PhD, Bowling Green State University
I grew up in eastern Iowa, earned a BA in English at the University of Iowa, an MFA in Fiction Writing at Virginia Commonwealth University, and a PhD in Rhetoric and Writing at Bowling Green State University. I joined the faculty at EMU in 1998.
Most of my teaching focuses on the relationships between writing and technology. I frequently point out that I am an expert in writing who uses computers and not an expert in computers who uses writing. However, since I have been invested in the use of technologies like the Internet to facilitate my teaching since the early 90s (email, newsgroups, web pages, synchronous discussion forums, blogs, etc), I suppose I am a "computer expert" of a sort, too. Technology can’t replace good teaching nor can it solve the problems of bad teaching. But I do think that instructional technology simultaneously facilitates and questions the student-centered classroom in interesting ways that has made me a better teacher.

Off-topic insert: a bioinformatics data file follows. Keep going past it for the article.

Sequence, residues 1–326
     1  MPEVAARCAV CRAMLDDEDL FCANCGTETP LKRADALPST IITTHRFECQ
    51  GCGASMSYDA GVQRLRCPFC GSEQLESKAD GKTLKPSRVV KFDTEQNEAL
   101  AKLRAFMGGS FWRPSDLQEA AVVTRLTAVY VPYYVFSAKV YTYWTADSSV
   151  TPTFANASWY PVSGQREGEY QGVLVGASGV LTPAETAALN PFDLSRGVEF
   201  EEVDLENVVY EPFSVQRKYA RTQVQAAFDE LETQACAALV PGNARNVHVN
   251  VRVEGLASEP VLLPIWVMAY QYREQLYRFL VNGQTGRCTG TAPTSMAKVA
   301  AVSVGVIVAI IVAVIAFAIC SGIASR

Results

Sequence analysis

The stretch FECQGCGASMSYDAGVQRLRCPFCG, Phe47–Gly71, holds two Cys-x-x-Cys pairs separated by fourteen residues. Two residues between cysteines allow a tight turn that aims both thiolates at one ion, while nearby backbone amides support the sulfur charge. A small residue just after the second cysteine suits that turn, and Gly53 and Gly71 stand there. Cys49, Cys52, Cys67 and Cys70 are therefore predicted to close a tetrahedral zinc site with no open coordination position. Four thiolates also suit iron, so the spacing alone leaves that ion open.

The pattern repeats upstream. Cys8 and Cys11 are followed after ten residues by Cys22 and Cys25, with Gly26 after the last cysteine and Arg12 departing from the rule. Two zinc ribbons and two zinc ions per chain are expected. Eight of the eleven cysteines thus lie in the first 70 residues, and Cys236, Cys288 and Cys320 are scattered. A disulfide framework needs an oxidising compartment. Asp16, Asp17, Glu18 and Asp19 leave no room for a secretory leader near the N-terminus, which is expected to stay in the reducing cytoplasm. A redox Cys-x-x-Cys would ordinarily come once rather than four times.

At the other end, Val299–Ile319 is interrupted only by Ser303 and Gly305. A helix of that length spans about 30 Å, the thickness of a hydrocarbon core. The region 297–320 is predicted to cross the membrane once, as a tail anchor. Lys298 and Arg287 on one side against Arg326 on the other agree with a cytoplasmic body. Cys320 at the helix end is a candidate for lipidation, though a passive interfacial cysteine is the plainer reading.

My homepage is at: stevendkrause.com
Rhetoric of Science and Technology
Computers and Writing, Theory and Practice
Research in Theory and Practice of Writing
Topics in Professional Writing: Multimedia Writing
Researching the Public Experience
Writing, Style, and Technology
Critical Digital Literacies
Writing in the Professional World
Writing for the World Wide Web
Invasion of the MOOCs: The Promises and Perils of Massive Online Open Courses. Co-edited with Charles Lowe. Parlor Press, 2014.
“MOOC Response about ‘Listening to World Music.’” College Composition and Communication. 64.4 June 2013, 689-95.
“Blogs as an Alternative to Course Management Systems: Public, Interactive Teaching with a Round Peg in a Square Hole.” Chapter in Designing Web-Based Applications for 21st Century Writing Classrooms. George Pullman and Baotong Gu, editors. Bayood Publishing, 2012.
“On the Other Hand: The Role of Antithetical Writing in First Year Composition Courses.” Chapter in Writing Spaces: Readings on Writing, Volume 2. Charles Lowe and Pavel Zemliansky, editors. January 2011.
"Blogs as a Tool for Teaching." The Chronicle of Higher Education. June 24, 2005. B-33-35.
“When Blogging Goes Bad: A Cautionary Tale About Blogs, Emailing Lists, Discussion, and Interaction.”
. 9.1 September 2004.
— Reprinted in Johnson, T.R. (Ed).
Teaching Composition: Background Readings.
Third Edition. Boston: Bedford/St. Martin’s, 2008